Wednesday, December 19, 2007

Convection, Conduction, and, Radiation

Today, a student asked me a question about conduction, convection and radiation: "I am always confused between the difference of conduction, convection and radiation. What is being used in pouring hot water from a thermos?"

Students will often ask things that are assigned as homework. This might have been a homework question, or, it might have been genuine curiosity. I am always glad when students are curious.

I've taken the liberty of discussing the topic here because it is a topic on many state standards.

For these types of questions, try to guide a student in finding an answer. In this way, he or she is likely to remember the content learned. Here is a sample set of guiding questions and activities. I have also included some movies. Your students might be able to make movies that are more exciting and helpful to them. Review the "Botany Beat" or Tomato movies for some ideas. Here is one student's movie:

First, have you defined all the words? (You can use the dictionary links at the bottom of the page. Be sure to note down the date and the source you used.)

Conduction is ________________________________________________________
Here is a simulation on conduction:

And, here is an animation about conduction:

Convection is ________________________________________________________

Here is a movie on convection currents:

What do hot and cold have to do with convection?

Here's another convection movie showing some experiments and relating them to every day life.

Radiation is ________________________________________________________

Here is an animation on radiation and convection:

If you have trouble remembering them, try writing the definitions three or four times , or, try drawing a picture or writing a song about each one.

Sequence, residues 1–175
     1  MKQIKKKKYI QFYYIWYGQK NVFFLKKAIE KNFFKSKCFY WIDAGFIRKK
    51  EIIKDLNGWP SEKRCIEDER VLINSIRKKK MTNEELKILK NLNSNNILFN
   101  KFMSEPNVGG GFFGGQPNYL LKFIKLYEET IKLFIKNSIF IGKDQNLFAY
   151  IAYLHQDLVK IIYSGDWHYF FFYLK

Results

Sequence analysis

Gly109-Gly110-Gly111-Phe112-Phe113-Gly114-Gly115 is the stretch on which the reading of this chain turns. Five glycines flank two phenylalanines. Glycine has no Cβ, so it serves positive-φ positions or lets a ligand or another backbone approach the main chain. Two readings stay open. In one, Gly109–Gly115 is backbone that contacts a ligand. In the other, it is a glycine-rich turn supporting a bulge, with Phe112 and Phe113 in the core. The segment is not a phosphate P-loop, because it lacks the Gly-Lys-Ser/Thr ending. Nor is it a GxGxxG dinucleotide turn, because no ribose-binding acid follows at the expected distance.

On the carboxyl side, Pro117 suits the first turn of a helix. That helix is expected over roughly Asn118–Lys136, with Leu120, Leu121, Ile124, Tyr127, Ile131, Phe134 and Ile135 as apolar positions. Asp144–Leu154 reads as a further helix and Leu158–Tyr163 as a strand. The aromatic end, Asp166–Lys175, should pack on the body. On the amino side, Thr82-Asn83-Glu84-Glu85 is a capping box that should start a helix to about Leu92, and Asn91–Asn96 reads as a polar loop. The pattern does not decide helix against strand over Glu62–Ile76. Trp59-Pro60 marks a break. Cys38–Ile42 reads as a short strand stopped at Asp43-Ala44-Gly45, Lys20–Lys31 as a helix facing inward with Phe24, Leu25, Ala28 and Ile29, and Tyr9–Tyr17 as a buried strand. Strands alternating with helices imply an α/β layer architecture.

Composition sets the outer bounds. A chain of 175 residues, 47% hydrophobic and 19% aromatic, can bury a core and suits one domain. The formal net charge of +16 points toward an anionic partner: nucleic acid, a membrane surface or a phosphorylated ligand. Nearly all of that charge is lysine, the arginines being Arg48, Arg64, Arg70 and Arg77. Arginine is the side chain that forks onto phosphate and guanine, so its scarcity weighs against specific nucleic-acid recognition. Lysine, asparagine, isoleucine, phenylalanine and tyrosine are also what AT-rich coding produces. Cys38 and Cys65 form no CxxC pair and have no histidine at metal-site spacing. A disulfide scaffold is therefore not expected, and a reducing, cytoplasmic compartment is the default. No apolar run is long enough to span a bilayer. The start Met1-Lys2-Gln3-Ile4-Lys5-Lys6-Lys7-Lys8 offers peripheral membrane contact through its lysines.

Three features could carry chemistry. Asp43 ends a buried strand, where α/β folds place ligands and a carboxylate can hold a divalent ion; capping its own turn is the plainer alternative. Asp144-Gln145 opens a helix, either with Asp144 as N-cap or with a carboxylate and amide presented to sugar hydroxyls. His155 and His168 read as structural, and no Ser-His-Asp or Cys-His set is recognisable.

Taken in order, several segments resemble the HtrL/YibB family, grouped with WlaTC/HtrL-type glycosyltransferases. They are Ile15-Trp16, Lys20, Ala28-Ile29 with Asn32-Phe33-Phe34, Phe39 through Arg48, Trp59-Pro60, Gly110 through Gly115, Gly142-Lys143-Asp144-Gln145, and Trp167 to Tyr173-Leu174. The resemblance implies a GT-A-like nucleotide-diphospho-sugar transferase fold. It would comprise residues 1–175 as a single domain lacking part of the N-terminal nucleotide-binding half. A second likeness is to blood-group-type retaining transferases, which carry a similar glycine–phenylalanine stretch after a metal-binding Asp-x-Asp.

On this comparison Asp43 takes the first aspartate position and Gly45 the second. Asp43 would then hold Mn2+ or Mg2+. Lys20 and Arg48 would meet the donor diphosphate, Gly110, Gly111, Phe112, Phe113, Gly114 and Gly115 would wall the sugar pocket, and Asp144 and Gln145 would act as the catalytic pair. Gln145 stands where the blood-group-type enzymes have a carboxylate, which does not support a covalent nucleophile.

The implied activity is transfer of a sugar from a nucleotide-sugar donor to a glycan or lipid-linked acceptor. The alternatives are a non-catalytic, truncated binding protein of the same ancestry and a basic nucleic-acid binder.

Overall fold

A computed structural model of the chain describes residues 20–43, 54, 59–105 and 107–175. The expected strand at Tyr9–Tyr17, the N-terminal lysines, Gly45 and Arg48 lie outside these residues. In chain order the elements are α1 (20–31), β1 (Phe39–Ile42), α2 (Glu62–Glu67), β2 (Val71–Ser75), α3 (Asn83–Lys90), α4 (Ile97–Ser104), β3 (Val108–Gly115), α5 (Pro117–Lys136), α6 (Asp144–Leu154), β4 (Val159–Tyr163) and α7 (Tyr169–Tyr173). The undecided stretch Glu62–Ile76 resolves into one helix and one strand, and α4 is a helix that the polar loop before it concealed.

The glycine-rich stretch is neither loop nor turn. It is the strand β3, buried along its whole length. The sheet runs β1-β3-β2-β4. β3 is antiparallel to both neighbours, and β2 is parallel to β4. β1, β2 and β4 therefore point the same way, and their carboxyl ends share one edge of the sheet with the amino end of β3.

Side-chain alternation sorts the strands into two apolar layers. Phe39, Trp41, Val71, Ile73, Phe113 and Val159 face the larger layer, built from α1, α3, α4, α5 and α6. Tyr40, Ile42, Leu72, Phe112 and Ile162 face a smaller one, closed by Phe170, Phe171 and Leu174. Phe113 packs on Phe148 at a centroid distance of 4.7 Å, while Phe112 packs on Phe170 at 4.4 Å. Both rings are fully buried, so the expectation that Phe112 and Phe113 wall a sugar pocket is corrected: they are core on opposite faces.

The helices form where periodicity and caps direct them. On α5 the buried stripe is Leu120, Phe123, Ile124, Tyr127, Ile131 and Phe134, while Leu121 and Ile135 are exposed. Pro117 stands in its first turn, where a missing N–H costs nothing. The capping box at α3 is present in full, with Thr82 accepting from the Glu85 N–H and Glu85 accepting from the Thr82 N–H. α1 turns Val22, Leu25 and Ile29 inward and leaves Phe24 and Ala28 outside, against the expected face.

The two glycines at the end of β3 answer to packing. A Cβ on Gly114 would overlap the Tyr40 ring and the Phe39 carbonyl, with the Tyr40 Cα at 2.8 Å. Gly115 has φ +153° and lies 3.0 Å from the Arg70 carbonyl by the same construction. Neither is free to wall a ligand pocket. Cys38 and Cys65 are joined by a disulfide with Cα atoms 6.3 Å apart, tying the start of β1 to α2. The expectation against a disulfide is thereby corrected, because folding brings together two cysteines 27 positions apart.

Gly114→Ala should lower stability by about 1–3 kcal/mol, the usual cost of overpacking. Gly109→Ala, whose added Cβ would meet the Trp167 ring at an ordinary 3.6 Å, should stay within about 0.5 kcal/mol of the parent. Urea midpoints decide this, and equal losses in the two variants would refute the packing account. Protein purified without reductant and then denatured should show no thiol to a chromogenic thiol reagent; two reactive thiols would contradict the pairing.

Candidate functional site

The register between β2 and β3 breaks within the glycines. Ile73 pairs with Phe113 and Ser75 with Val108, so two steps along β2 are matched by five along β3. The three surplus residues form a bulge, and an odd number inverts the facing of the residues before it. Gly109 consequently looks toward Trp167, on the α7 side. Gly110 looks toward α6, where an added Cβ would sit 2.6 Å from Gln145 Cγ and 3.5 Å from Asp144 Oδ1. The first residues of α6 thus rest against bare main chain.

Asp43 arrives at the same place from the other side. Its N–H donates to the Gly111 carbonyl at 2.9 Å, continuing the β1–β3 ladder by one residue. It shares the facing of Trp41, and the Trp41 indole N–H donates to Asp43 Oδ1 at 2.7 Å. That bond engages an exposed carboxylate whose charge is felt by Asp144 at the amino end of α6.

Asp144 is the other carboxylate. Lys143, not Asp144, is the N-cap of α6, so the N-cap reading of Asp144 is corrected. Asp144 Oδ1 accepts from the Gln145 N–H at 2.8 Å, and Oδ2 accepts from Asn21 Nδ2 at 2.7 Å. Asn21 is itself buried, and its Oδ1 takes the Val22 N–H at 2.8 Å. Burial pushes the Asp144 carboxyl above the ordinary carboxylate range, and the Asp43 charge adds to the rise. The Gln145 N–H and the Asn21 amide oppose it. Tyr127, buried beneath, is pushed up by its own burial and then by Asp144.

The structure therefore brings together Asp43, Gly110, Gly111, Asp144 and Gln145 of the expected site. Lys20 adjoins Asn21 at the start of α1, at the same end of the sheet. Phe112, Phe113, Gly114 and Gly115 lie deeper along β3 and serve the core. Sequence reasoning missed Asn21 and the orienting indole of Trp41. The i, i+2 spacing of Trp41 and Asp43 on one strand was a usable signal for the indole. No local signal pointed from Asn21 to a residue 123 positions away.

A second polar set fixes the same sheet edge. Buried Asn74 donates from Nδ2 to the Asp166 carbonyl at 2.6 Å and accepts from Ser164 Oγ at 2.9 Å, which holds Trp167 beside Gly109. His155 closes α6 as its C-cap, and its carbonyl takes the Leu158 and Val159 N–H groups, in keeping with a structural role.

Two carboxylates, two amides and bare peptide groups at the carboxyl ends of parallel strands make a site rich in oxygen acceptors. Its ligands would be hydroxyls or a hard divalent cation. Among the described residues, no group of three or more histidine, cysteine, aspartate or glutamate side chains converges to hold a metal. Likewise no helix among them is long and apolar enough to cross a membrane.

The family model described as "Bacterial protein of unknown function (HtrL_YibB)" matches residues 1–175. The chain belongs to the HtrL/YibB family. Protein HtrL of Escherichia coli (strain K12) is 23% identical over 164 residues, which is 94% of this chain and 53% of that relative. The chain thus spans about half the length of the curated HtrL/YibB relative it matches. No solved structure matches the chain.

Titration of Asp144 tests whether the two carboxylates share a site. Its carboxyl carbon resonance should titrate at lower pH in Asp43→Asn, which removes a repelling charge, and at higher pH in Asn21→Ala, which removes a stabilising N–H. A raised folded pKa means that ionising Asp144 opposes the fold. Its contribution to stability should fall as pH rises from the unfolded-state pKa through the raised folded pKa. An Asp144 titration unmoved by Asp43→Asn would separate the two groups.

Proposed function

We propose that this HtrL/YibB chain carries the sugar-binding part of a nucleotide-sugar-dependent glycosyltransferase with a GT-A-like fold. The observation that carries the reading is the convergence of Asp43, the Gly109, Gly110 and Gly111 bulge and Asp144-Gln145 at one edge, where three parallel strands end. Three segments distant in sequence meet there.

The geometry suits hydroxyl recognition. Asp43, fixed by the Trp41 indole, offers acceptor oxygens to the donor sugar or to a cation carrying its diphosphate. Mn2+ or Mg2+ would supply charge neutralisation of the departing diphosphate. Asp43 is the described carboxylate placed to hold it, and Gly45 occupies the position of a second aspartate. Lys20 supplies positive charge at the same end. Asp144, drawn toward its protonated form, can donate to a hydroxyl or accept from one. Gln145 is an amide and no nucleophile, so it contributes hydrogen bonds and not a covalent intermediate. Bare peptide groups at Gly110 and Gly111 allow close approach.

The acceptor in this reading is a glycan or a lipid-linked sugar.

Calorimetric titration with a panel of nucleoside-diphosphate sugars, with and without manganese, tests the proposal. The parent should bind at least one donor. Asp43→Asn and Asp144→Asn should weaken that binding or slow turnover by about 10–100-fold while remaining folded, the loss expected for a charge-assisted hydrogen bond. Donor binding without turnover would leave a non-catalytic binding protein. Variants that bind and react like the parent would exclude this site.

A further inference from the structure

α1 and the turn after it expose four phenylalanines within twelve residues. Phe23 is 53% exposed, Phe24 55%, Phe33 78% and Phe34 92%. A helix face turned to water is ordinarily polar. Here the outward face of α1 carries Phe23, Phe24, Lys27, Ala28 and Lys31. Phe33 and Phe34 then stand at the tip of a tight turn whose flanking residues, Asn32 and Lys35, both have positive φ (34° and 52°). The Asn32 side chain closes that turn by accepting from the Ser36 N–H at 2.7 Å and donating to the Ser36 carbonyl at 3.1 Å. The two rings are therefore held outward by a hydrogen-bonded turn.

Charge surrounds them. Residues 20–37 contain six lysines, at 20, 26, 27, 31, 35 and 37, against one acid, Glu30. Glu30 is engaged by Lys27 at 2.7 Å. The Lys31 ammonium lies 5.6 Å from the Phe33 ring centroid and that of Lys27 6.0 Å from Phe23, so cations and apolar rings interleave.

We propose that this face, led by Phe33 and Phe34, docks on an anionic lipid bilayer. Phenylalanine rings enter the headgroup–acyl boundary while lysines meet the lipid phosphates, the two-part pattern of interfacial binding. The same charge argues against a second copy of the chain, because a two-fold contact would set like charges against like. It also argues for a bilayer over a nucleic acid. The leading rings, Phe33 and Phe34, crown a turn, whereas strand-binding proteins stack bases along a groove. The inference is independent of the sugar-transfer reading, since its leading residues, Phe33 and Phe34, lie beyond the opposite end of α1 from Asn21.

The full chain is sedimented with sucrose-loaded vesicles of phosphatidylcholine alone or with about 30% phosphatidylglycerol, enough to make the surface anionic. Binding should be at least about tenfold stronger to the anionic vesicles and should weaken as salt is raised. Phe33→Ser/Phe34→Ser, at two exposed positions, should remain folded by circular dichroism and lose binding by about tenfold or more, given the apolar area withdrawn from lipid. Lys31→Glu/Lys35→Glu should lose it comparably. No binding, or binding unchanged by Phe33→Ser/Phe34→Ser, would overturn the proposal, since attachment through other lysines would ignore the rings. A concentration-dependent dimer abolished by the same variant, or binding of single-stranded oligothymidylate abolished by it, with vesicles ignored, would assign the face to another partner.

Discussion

Also, try discussing these ideas with your friends or where you get snacks after school or with a mentor or adult in your family or community. These things can help you to remember them.

Did you brainstorm about them?

Do you have a thermos? If you don't have one, try to borrow one, otherwise, the question will be hard to answer.

If you put hot water in a thermos, can you feel the heat outside the thermos when you hold it?

What about if you put your hand over the thermos, can you feel heat, even when you are not touching anything?

What if you compare putting a plastic spoon into the hot water with putting a silver spoon into the hot water. What happens?

Think of things you know, for example:

The sun rays radiate.

The convection oven has heat rise and fall in circles.

A copper wire conducts electricity.

Now, think again about the question. When you pour hot water from a thermos, do you feel heat without touching it?

Does some heat stay in some matter, yet move?

Does some heat transfer from the hot water to the bowl or sink you are pouring it into?

Now that you have thought about all these things, and tried some of them, I think you can be confident of the answer that you develop. Be sure to back up the answer with why you picked it. You might speak, write and draw your answer, too. Let me know what you find out. Write back if you are still stuck. Dr. J

Related links:

Update... 2009
(c)2007, 2008, 2009 J. S. Shipman